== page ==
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Tag: chemicals

Chemicals in food, clothing, cosmetics increase ADHD risk in children, study finds

Chemicals in food, clothing, cosmetics increase ADHD risk in children, study finds

Health
Aug. 28 (UPI) -- Exposure to certain chemicals commonly found in cosmetics and processed foods increases a child's risk for developing ADHD-like behaviors by more than 30%, according to a study published Friday by JAMA Network Open. For every two-fold rise in concentrations of chemicals called phthalates, as measured by urinalysis, a child is 34% more likely to shows signs of the neurobehavioral disorder, the data showed. Advertisement And for every two-fold increase in urine concentrations of dichlorophenols, the risk grows by 15%, the researchers said. Phthalates are used in plastics and are often found in cosmetics, lubricants, personal-care products, medical devices, detergents, packaging, children's toys, pharmaceuticals, food products and clothing, while dichlorophenols can be found...
Bangladesh’s water teeming with drugs, chemicals, study says

Bangladesh’s water teeming with drugs, chemicals, study says

Science
April 10 (UPI) -- Water sampling data suggests the canals, lakes, ponds, rivers and surface waters of Bangladesh host alarmingly high levels of toxic chemicals, antibiotics and other drugs. The proliferation of antibiotics in the environment has been linked with the prevalence of antibiotic-resistance among disease-causing microorganisms, including bacteria, viruses and parasites. In Bangladesh, there is little to no regulation of antimicrobial drug use, and large amounts of antibiotics are used in healthcare and agricultural production. As well, the lack of quality wastewater management makes Bangladesh's water especially vulnerable to spikes in antibiotic residues. For these reasons, India's eastern neighbor is especially vulnerable to the emergence and spread of anti-microbial resista...
CDC study to track dangerous ‘forever chemicals’ in drinking water

CDC study to track dangerous ‘forever chemicals’ in drinking water

Health
Sept. 27 (UPI) -- The Centers For Disease Control and Prevention announced a new multi-site study this week that will investigate the health effects of drinking water contaminated with per- and polyfluoroalkyl substances, or PFAS. The new study -- the first to examine multiple sites of PFAS contamination nationwide -- was authorized by the National Defense Authorization Acts of 2018 and 2019 to provide information to communities about the health effects of PFAS exposure. The CDC will award initial grants totaling $ 7 million to begin the study, with a goal of understanding the relationship between PFAS exposure and health outcomes in differing populations. The study will recruit at least 2,000 children ages 4 to 17, and 6,000 adults over age 18, who have been exposed to PFAS-contaminated...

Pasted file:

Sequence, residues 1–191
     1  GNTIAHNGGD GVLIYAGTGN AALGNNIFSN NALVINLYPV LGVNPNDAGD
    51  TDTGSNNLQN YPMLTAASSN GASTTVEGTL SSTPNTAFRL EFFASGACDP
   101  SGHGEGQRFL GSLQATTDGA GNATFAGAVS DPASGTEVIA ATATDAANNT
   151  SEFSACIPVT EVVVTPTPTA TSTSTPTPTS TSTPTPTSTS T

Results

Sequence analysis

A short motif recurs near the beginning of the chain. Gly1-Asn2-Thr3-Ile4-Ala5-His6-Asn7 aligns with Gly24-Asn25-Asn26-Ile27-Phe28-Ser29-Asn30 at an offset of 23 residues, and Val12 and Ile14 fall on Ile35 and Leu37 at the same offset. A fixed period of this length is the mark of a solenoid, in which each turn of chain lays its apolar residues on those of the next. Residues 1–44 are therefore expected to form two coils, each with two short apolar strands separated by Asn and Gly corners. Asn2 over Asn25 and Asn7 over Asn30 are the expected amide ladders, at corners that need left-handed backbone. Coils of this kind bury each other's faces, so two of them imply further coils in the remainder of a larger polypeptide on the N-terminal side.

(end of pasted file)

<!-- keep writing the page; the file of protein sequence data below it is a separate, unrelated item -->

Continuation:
Netherlands warns of toxic chemicals after containers tossed from cargo ship

Netherlands warns of toxic chemicals after containers tossed from cargo ship

World
Jan. 3 (UPI) -- A Panama-registered cargo ship lost some 270 containers during a storm in the North Sea this week, including three carrying toxic chemicals. The ship, the MSC Zoe, was en route to Bremerhaven, Germany, on Wednesday when it encountered the bad weather, identified locally as Storm Zeetje. The vessel was near the German island of Borkum at the time, and the tide carried some of the containers toward the southwest, the BBC reported. Some of the cargo washed up on islands off the northern Dutch coast, including toys, televisions, shoes, bags, chairs, plastic cups and other items. Officials were worried about three containers carrying toxic substances, including one with bags of peroxide powder, one of which washed ashore on the island of Schiermonnikoog. Officials warned reside...
Chemicals used in Deepwater Horizon spill were ineffective, study says

Chemicals used in Deepwater Horizon spill were ineffective, study says

Science
Nov. 1 (UPI) -- The chemical dispersants used to clean up oil after the Deepwater Horizon spill in the Gulf of Mexico in 2010 were ineffective and unneeded, a new study says. Researchers report in a study published this week that dispersants used in the largest oil spill in U.S. history -- 210 million gallons of oil poured into the Gulf over 87 days after a BP oil rig exploded -- played no role in its clean up. BP injected 3,000 tons of a subsea dispersant called Corexit to push back the spread of oil and dissolve its particles. Instead, the researchers report, the dispersant was rendered ineffective due to the depth of the oil. And according to the study, the Corexit may have suppressed the growth of oil degrading sea bacteria, in addition to making the oil itself more toxic. "The resul...